Would like to think that GWR (Great Western Railway) would do the same for us ordinary mortals, but wonder if this was someone 'special'.
Full marks for the Guard/Train Manager (s) involved, and to control for arranging something that worked.
Wonder if the RRB (Rail Replacement Bus) controller had a note of the number of vehicles travelling to Plymouth, and why they weren't counted in, thus involving delaying the last Plymouth departure.
Many (not all) service vehicles have radio's fitted, but we're now told we cannot answer (or call) when the vehicle is in motion.
We have to pull over and switch off, then we can use the radio or mobile phone.  That of course, delays the process even longer.

The RRB vehicles involved have come from the Midlands, East Anglia and all points down, so local route knowledge would be thin amongst the visiting drivers. Fully understandable the driver getting lost if he wasn't local.
Standard fitting of Sat Navs in coaches, etc doesn't currently exist.
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« Reply #9 on: November 12, 2023, 09:48:08 »

Whew. Really wondered what was going to happen there but GWR (Great Western Railway) really came through on this one and put a service together from Taunton to run through to Paddington.

Looks to be this one but something odd's happened to the data as the times from Taunton aren't right. The (few) passengers reported as pleased to have a 'Special train' put on for them.

Mark

https://www.realtimetrains.co.uk/service/gb-nr:P04481/2023-11-11/detailed#allox_id=1

Why didn't they just hold the train at Plymouth until the bus arrived, given it was the last train?

Perhaps the train crew and and any dispatchers at Plymouth hadn't realised they were missing a bus?  Or perhaps, with a train terminating at Taunton and running back - at least as far as Stoke Gifford - empty, perhaps they chose the lower cost and more customer friendly option.   So delay-repay just for the people from that bus rather than the entire custom of the 20:20 from Plymouth including intermediate traffic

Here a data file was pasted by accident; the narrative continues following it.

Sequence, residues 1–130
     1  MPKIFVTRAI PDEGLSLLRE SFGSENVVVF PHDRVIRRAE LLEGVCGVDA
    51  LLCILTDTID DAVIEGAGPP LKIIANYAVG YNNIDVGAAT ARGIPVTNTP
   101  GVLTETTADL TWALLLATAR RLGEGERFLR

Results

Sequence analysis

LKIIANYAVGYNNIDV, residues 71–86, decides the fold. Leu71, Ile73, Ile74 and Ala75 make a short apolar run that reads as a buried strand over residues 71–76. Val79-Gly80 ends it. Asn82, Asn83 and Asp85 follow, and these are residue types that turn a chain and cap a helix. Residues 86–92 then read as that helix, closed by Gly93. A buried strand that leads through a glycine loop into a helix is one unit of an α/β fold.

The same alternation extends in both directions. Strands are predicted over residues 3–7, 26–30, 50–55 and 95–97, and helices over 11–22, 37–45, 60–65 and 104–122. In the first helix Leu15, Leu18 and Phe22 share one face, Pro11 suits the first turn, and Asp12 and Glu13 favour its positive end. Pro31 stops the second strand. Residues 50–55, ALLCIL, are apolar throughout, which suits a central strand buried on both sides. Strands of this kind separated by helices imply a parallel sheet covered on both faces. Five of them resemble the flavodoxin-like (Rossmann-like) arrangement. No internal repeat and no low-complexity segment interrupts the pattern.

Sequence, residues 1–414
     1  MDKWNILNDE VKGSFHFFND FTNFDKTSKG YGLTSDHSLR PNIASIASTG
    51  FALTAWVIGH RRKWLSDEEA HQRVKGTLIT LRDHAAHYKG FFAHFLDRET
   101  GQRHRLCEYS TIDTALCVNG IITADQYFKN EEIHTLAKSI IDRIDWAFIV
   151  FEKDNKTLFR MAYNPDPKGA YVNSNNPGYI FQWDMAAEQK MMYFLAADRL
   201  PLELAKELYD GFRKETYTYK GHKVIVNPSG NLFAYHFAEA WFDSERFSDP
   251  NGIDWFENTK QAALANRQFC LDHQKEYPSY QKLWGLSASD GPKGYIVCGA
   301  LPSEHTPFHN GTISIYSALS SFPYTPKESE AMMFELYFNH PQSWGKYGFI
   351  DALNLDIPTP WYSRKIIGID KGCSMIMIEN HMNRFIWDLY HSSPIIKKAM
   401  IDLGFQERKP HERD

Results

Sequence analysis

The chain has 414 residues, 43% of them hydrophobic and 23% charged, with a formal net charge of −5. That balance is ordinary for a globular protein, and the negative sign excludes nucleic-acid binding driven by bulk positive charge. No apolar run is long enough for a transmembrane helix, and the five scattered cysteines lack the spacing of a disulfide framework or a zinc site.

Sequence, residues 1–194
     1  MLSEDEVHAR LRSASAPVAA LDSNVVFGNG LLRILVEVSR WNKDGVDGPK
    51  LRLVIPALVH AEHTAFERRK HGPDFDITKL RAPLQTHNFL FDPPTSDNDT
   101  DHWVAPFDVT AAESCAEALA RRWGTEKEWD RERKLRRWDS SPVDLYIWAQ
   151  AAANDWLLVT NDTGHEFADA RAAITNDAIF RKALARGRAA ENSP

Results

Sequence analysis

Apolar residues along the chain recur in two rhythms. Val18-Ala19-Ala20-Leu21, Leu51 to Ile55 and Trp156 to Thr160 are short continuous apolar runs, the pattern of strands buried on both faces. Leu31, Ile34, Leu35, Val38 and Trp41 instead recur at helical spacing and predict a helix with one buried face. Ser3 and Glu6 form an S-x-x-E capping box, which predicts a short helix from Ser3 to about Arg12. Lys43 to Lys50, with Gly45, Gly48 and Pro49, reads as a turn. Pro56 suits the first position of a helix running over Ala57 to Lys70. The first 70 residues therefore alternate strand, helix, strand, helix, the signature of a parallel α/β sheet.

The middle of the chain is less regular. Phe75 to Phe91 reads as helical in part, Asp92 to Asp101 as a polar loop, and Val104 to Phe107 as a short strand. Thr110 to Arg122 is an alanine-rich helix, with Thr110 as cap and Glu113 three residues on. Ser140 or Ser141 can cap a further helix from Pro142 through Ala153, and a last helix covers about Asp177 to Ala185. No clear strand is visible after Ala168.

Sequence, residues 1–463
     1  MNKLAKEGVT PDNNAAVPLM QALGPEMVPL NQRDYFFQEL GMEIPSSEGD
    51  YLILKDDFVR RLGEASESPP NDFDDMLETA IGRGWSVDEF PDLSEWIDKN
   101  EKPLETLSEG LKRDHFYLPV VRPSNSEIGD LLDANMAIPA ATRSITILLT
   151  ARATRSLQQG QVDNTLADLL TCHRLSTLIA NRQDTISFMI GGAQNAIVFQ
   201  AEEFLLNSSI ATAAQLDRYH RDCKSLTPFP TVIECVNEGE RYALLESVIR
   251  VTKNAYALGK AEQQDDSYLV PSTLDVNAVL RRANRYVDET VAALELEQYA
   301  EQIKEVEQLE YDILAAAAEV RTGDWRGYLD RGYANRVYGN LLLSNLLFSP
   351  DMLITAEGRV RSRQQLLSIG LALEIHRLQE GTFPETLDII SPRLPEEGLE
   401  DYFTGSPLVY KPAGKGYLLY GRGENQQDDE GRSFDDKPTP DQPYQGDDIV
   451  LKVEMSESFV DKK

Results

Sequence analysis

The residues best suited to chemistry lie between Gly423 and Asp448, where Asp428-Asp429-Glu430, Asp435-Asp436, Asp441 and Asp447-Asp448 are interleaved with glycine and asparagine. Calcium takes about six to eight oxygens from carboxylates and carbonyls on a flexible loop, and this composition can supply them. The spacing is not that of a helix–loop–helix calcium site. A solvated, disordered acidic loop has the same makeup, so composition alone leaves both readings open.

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« Reply #10 on: November 12, 2023, 09:57:47 »

Whew. Really wondered what was going to happen there but GWR (Great Western Railway) really came through on this one and put a service together from Taunton to run through to Paddington.

Looks to be this one but something odd's happened to the data as the times from Taunton aren't right. The (few) passengers reported as pleased to have a 'Special train' put on for them.

Mark

https://www.realtimetrains.co.uk/service/gb-nr:P04481/2023-11-11/detailed#allox_id=1

Why didn't they just hold the train at Plymouth until the bus arrived, given it was the last train?

Perhaps the train crew and and any dispatchers at Plymouth hadn't realised they were missing a bus?  Or perhaps, with a train terminating at Taunton and running back - at least as far as Stoke Gifford - empty, perhaps they chose the lower cost and more customer friendly option.   So delay-repay just for the people from that bus rather than the entire custom of the 20:20 from Plymouth including intermediate traffic

How long after 20:20 did the bus eventually arrive?
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TaplowGreen
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« Reply #11 on: November 12, 2023, 10:23:32 »

Whew. Really wondered what was going to happen there but GWR (Great Western Railway) really came through on this one and put a service together from Taunton to run through to Paddington.

Looks to be this one but something odd's happened to the data as the times from Taunton aren't right. The (few) passengers reported as pleased to have a 'Special train' put on for them.

Mark

https://www.realtimetrains.co.uk/service/gb-nr:P04481/2023-11-11/detailed#allox_id=1

Why didn't they just hold the train at Plymouth until the bus arrived, given it was the last train?